Monday, April 09, 2007

Divertimento with the translation*

Today's NaPo amusement: I took a poem of mine (older, pretty much finished) and ran it through Babelfish. I translated it from English to Italian to French and back into English, and then took the resulting fractured mess and edited it just enough to make it sound halfway like a poem. Maybe I'll post some snippets later on this week. It actually did -- as this exercise often does -- give me a new perspective on what I originally wrote, and turned up a few interesting phrases I may cannibalize for something someday.

Tomorrow: to Indianapolis, for the Arts Commission's peer-review panel in Literature. I'm nervous, oddly. I keep reminding myself that I won't know for sure about the grant for another couple months. But I'm sure I will learn a lot tomorrow. Should be fun.
*"Fun With Translation" taken from English to Italian to French to Dutch to English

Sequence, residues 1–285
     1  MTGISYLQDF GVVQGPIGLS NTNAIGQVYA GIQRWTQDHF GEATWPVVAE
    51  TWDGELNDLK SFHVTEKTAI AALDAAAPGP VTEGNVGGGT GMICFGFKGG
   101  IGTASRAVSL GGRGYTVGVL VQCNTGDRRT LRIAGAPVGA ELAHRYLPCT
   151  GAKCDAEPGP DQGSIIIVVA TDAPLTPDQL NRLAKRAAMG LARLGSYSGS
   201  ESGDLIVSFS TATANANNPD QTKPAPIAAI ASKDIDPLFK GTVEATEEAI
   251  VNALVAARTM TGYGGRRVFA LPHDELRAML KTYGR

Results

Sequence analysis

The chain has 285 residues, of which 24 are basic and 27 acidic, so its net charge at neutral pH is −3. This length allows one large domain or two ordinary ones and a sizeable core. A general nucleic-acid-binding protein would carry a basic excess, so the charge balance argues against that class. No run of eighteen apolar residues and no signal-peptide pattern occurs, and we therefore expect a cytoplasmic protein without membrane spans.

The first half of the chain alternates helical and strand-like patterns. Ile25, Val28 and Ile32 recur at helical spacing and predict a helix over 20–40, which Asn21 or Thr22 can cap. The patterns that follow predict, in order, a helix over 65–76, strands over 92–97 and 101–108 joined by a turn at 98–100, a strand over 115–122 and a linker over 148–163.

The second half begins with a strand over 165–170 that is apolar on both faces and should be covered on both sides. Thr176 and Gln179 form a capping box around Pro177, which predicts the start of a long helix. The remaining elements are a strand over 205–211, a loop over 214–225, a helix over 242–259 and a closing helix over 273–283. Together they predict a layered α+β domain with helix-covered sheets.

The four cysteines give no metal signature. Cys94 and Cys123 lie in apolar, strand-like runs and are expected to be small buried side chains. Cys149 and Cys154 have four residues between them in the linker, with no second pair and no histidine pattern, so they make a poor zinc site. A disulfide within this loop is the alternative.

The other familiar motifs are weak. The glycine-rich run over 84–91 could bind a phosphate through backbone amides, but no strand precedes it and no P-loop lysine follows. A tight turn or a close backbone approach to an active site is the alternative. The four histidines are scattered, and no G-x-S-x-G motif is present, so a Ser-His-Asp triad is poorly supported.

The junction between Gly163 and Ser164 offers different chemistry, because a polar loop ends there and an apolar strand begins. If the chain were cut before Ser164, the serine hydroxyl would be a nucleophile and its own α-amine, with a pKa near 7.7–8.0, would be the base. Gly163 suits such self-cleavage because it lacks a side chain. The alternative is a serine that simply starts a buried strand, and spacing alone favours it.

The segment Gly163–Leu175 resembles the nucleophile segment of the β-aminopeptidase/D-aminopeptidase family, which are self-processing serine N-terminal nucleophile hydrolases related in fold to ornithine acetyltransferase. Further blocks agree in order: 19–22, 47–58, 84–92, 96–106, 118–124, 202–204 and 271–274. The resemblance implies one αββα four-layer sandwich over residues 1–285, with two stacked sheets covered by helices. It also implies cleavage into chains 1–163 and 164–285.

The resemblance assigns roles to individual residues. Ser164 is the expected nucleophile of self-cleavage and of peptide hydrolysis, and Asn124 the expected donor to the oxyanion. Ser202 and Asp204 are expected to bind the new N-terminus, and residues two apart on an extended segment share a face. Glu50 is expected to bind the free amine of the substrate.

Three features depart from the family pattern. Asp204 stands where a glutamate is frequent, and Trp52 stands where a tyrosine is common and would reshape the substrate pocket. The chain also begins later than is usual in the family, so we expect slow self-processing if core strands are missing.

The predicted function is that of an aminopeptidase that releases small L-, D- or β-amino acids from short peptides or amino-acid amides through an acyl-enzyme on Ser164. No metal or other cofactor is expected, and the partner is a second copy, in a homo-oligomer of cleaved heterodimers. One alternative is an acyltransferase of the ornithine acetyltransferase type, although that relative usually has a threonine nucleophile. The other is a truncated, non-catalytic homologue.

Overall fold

Lyle Daggett said...

I got a real laugh once trying the Google language translation function. I tried having it translate a poem from Spanish (by Lorca, if I remember right) -- Spanish being a language I can read somewhat functionally -- and the results were alternately otherworldly and ludicrous. It's not able to translate in context.

For example, with the name "San Antonio" (which might be the city of San Antonio or the person Saint Anthony), the Google program might translate it as "holy Anthony."

I haven't run across Babelfish before, I'll have to check it out. Sounds like fun.

Lyle Daggett said...

I just went to Babelfish and had it translate William Blake's poem "The Sick Rose," from English to French, from French to Portuguese, from Portuguese back to French, from French to Dutch, and from Dutch to English.

After going through the laundry that many times, here's how Blake's poem turned out (I've restored the line breaks and the capitals at the beginning of each line):

Sick Rose

Thou rose of him are difficulty!
The invisibly maggot
Which flies to night,
In urro gives the attack,

The bed thy of
Crimson joy discovered,
And is dark secret love
Does living thy destroys.

And so it goes: "The green and the sensitivity of the inglese earth are good."

Peter said...

I *love* playing with Babel Fish this way. I agree, it can be very reavealing, some of the non sequiters and malaprops and reorderings that come out.